But Forestell thinks Dozr’s impact could reach far beyond convincing a contractor to pull the trigger on a machine purchase. He says that if equipment sharing becomes commonplace, the average number of machine utilization hours will go up, leading to faster turnover and machines exchanging hands more often.
When I asked Forestell about his company’s stance toward dealers and rental houses, I was a bit surprised at his response, given that he was just talking about changing the way contractors view the concept of equipment ownership. Turns out, Dozr is open to working closely with any equipment dealer that wants to work with them. In fact, Forestell says Dozr can be a big help to a dealership’s business.
“We’ve had quite a few interactions with dealers, the most common one being them using our service in the same way a hotel uses Expedia,” Forestell explains. “Many dealerships have a rental fleet for the purpose of buying down their slightly used equipment. Maybe they take a machine in at too high of a trade-in value, so they make that equipment available for rent on Dozr and they’ll buy down that value so they can sell it at a more reasonable price to their customers. That’s a pretty consistent thing we’re seeing across Canada and the U.S.”
Like Dozr, AnyQuip is an online equipment rental service headquartered in Canada and started in 2015 by a contractor. CEO Steve Skiba owns a civil contracting business and started the company in order to shore up downtime during his off-season. And like Dozr, AnyQuip sees a big opportunity in partnering with equipment dealers and rental houses.
“It’s not about pushing anybody out of the business for us,” Skiba says. “It’s about connecting.”
Skiba says the main focus at AnyQuip is the contractor. The company’s goal is to make equipment rental a more efficient and simple process for business owners. The best way to do that is to offer them as many machines as possible to choose from and from as many sources as possible.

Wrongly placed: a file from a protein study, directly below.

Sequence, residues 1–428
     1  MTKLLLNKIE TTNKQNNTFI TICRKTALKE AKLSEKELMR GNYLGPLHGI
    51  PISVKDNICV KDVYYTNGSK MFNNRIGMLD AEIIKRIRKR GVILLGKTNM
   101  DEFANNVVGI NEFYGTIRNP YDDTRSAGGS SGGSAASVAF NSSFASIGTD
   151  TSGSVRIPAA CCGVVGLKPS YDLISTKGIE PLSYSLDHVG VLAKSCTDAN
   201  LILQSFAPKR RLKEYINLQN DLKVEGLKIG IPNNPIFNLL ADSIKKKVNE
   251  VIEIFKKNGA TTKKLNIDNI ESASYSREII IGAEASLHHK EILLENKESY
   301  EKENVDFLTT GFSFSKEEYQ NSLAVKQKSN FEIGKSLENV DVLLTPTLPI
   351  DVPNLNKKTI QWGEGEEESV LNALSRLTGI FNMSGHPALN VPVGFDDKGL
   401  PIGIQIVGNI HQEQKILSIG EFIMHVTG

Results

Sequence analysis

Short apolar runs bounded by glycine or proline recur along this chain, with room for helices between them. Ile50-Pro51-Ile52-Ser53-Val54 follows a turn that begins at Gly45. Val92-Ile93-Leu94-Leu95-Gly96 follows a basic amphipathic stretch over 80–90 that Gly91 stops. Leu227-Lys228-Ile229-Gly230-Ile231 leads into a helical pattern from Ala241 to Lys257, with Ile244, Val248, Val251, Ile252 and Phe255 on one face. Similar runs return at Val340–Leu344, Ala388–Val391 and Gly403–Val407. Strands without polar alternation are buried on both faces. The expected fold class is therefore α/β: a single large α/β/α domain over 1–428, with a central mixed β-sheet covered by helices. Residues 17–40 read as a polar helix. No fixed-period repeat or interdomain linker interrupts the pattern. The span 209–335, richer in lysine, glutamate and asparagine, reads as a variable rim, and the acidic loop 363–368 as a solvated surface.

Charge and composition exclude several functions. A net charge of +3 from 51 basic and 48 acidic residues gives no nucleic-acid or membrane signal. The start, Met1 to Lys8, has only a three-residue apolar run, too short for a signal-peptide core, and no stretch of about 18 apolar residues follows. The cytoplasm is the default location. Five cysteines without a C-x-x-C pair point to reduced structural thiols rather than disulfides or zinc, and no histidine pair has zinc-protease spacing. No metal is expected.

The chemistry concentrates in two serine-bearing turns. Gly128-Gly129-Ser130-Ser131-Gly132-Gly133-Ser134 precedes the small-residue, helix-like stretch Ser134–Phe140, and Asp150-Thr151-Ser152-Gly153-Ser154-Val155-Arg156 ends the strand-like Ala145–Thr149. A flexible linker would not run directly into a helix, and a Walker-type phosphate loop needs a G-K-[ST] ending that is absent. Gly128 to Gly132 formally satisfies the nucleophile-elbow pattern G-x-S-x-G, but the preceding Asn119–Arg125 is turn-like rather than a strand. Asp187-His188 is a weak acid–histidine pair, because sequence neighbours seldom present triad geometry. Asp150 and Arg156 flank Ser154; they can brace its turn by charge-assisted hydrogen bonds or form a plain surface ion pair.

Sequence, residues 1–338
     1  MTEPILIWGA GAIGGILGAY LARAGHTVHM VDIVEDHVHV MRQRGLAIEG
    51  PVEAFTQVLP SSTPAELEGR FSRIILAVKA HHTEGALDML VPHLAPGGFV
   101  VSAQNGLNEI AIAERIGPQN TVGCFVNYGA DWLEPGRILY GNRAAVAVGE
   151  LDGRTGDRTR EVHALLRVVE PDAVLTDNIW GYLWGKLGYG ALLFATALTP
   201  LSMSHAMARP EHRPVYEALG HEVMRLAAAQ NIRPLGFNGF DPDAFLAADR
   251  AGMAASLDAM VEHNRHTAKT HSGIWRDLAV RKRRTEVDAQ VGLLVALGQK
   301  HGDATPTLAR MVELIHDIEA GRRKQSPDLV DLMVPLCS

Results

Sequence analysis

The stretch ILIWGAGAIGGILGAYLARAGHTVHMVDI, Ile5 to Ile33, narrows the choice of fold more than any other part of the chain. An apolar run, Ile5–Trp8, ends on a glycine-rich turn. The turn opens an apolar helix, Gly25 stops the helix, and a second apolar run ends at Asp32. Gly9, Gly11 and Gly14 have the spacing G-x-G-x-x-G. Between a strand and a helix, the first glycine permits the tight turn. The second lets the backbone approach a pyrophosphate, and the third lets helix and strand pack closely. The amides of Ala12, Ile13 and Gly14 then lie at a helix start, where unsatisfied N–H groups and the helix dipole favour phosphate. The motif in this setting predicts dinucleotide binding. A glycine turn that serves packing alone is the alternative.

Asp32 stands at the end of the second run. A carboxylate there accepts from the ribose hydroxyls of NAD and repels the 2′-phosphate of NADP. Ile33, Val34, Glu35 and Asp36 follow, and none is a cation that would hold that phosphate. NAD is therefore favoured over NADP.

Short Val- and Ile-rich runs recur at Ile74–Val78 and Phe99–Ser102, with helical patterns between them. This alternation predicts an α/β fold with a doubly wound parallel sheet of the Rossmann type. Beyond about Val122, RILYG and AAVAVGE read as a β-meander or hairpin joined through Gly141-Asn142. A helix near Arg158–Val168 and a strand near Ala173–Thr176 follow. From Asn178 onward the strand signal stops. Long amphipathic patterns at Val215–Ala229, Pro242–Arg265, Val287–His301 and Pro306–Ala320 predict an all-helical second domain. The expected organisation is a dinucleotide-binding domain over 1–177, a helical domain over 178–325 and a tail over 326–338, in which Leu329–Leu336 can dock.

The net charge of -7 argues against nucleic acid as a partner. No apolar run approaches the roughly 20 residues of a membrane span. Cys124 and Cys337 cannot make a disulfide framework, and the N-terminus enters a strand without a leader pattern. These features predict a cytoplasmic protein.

AnyQuip chief marketing officer Jen Lussier called it “creating a liquidity in the equipment.”
“In the contractor world, you’re really not set up to [rent out your own machines]. So we’re trying to connect contractors to make it simple,” to both rent and rent out equipment, Skiba says.
But while Forestell thinks online equipment services like Dozr and AnyQuip will end up being a boon to the sales side of things, Skiba thinks that the end result will be more contractors renting equipment than before.
“I don’t think you’ll see any more equipment bought or sold because this industry will just redistribute it,” he explains. “But I don’t think [contractors] can afford to sit on equipment for six months anymore. Better, faster, quicker, cheaper. It has to go that way and equipment is the biggest capital expense you’re going to spend in your business.”
“There’s going to be guys in the future who won’t ever own any equipment.”
While Skiba says the rental houses have nothing to worry about in the form of digital disruption (“There’s always going to be things contractors don’t want to own.”), he does contend that dealers and manufacturers will likely have to answer to the trend of online rentals. In Skiba’s mind, the future might mean more dealers selling uptime through rentals rather than the machines themselves.
“The difference is how is a dealer in the future going to be connected to a customer? The dealers and manufacturers have to figure out how do I connect to my contractor more and get him more uptime?” he says.
At a basic level, services like EquipmentShare, Dozr and AnyQuip all share a common functionality: they’re all search engines. But unlike Google, most of these services don’t return results from all over the world, let alone the U.S. The nature of peer-to-peer equipment rentals typically requires that the two parties be close enough geographically to facilitate a transfer of the machine. Granted, some of these services actually do let you rent from a fellow contractor thousands of miles away. Forestell says Dozr has even facilitated a few transactions between contractors in Canada and Florida.